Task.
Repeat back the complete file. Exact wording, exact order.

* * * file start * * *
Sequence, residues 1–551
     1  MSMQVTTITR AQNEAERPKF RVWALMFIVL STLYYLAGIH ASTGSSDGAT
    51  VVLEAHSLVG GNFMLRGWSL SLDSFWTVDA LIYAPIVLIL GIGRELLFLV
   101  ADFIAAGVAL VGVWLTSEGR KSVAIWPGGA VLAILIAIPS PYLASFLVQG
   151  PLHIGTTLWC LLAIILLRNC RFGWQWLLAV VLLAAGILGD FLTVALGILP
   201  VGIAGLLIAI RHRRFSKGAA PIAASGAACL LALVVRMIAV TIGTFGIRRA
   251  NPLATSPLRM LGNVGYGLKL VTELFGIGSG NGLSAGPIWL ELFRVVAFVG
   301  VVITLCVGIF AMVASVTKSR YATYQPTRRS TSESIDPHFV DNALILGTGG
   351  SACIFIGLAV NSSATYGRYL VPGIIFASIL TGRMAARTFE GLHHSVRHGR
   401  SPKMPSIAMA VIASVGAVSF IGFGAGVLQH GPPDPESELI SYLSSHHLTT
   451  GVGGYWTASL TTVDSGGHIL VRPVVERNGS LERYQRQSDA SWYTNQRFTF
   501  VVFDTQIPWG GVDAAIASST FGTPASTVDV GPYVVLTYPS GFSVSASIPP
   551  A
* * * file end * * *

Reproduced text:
Sequence, residues 1–551
     1  MSMQVTTITR AQNEAERPKF RVWALMFIVL STLYYLAGIH ASTGSSDGAT
    51  VVLEAHSLVG GNFMLRGWSL SLDSFWTVDA LIYAPIVLIL GIGRELLFLV
   101  ADFIAAGVAL VGVWLTSEGR KSVAIWPGGA VLAILIAIPS PYLASFLVQG
   151  PLHIGTTLWC LLAIILLRNC RFGWQWLLAV VLLAAGILGD FLTVALGILP
   201  VGIAGLLIAI RHRRFSKGAA PIAASGAACL LALVVRMIAV TIGTFGIRRA
   251  NPLATSPLRM LGNVGYGLKL VTELFGIGSG NGLSAGPIWL ELFRVVAFVG
   301  VVITLCVGIF AMVASVTKSR YATYQPTRRS TSESIDPHFV DNALILGTGG
   351  SACIFIGLAV NSSATYGRYL VPGIIFASIL TGRMAARTFE GLHHSVRHGR
   401  SPKMPSIAMA VIASVGAVSF IGFGAGVLQH GPPDPESELI SYLSSHHLTT
   451  GVGGYWTASL TTVDSGGHIL VRPVVERNGS LERYQRQSDA SWYTNQRFTF
   501  VVFDTQIPWG GVDAAIASST FGTPASTVDV GPYVVLTYPS GFSVSASIPP
   551  A